6.020336 seconds (224.91 M allocations: 3.353 GiB, 1.34% gc time, 0.40% compilation time)
    
    162.123506 seconds (2.47 G allocations: 49.384 GiB, 28.53% gc time, 0.06% compilation time)
    
  2. As mentioned in the other answer, we should avoid nested functions if possible. I don't have a precise explanation (probably because Julia needs to create the scope for such function), but if you move the function p outside of eu78 and pass the vector ps to it as an argument, the code will finish in just 2s. This is as fast as C with the GMP big number library (which is what Julia's BigInt uses under the hood) and is quite impressive. BTW with pypy3 and the same algorithm I get a runtime of 26s. So the claimed 8s in 2016 looks very suspicious to me...

      1.910670 seconds (45.22 k allocations: 1.259 MiB)
    

And here is the code after modification.

import Base.GMP.MPZ: add!, sub!
function p(n, ps)  #applies Euler recurrence formula
  if n < 0
    return big"0"
  elseif n == 0
    return big"1"
  elseif ps[n] > 0
    return ps[n]
  end
  s = BigInt(0)
  for k = 1 : n
    t1 = (k * (3k - 1)) ÷ 2
    t2 = (k * (3k + 1)) ÷ 2
    if iseven(k)
      sub!(s, p(n - t1, ps))
      sub!(s, p(n - t2, ps))
    else
      add!(s, p(n - t1, ps))
      add!(s, p(n - t2, ps))
    end
  end
  ps[n] = s
end

function eu78()
  lim = 15000
  ps = zeros(BigInt, lim)
  for i = 1 : lim
    p(i, ps)
  end
  println(ps[lim])
end

@time eu78()
2
  • can you explain what the difference is between big"0" and BigInt(0) in terms of performance, memory allocation, etc.? Oct 29, 2021 at 5:46
  • Each time one uses BigInt a new instance is created and some memory is allocated. So if you use BigInt(0) everywhere there will be a lot of memory allocation (which is bad). On the other hand, big"0" is a literal, so it only allocates once and takes the same value everywhere (similar to defining a constant ZERO = BigInt(0) at the beginning and use it elsewhere). Oct 30, 2021 at 14:06
0

Thanks Stefan for that quick response.

I feel though that there is something else going on since a Julia version without bigints still runs orders of magnitude slower than pypy.

So this is not so much an answer as a different question.

That Euler Project question is to find the first number whose partitiions total a multiple of a million. So we need just over 6 significant digits so it can be done using machine integers.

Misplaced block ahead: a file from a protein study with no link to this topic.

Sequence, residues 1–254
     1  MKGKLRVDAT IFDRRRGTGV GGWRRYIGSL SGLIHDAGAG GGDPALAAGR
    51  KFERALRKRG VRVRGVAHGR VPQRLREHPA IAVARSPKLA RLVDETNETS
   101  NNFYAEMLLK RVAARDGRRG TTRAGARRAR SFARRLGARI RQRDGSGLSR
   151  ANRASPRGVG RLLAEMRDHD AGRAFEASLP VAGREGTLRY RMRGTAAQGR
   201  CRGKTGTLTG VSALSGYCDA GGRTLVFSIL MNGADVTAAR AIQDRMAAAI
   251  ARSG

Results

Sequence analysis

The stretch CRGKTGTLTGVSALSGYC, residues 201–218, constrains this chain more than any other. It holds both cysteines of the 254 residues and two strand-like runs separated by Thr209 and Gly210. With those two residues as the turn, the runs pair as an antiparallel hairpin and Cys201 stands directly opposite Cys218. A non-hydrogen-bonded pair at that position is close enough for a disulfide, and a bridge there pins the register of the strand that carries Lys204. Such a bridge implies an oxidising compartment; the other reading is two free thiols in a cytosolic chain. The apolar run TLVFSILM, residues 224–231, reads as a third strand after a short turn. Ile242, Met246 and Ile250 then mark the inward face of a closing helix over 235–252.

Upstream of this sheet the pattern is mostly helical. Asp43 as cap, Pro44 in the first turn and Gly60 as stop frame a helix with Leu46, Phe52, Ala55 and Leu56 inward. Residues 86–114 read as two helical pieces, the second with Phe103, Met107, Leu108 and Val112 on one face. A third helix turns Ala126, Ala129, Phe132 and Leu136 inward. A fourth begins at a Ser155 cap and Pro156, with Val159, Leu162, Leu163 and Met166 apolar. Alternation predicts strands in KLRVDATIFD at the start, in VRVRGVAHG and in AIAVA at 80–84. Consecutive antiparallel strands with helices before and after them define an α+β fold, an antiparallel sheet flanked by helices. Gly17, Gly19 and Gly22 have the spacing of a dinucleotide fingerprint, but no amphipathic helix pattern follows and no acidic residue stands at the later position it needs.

Here is this version in Julia, which completes in 2min44sec.

function eu78()
  const lim = 6 * 10 ^ 4
  ps = zeros(Int64, lim)
  ps[1] = 1
  const siz = 10 ^ 9

  function p(n)  #applies Euler recurrence formula for the number of partitions
    if n < 0
      return 0
    elseif n == 0
      return 1
    elseif ps[n] > 0
      return ps[n]
    end
    s, f = 0, -1
    for k = 1 : n
      f *= -1
      t1 = (k * (3k - 1)) ÷ 2
      t2 = (k * (3k + 1)) ÷ 2
      s += f * (p(n - t1) + p(n - t2))
    end
    ps[n] = mod(s, siz)
  end

 for i = 10 : lim
   a = p(i)
   if mod(a, 1000000) == 0
     println(i,'\n', a)
     break
   end
 end
end

eu78()

(Incidentally, thanks guys for using % in Julia to give the remainder rather than the more usual modulus. :) That cost me a whole evening trying to get it to return an answer, anything %$#%&! rather than nothing at all.)

The python version running in pypy completes in 41 sec, a quarter of the time. (To be fair, running in python2, it takes 13min48 sec.)

So what's the problem? The double recursion in line 20? How can I get the speed up? Not that anyone reading this will care, but there is a one minute rule on program execution in Project Euler.

3
  • Any particular reason that the function p is inside the function eu78? What happens of you put it outside instead? I think this will make a difference on Julia 0.4 but not on 0.5? May 14, 2016 at 16:59
  • Excellent, David. 12 seconds on my machine too. I thought it was always necessary to avoid global variables in Julia bit I see now that isn't always true. May 15, 2016 at 6:39
  • I certainly wouldn't have expected you could declare global array ps as const. May 15, 2016 at 7:02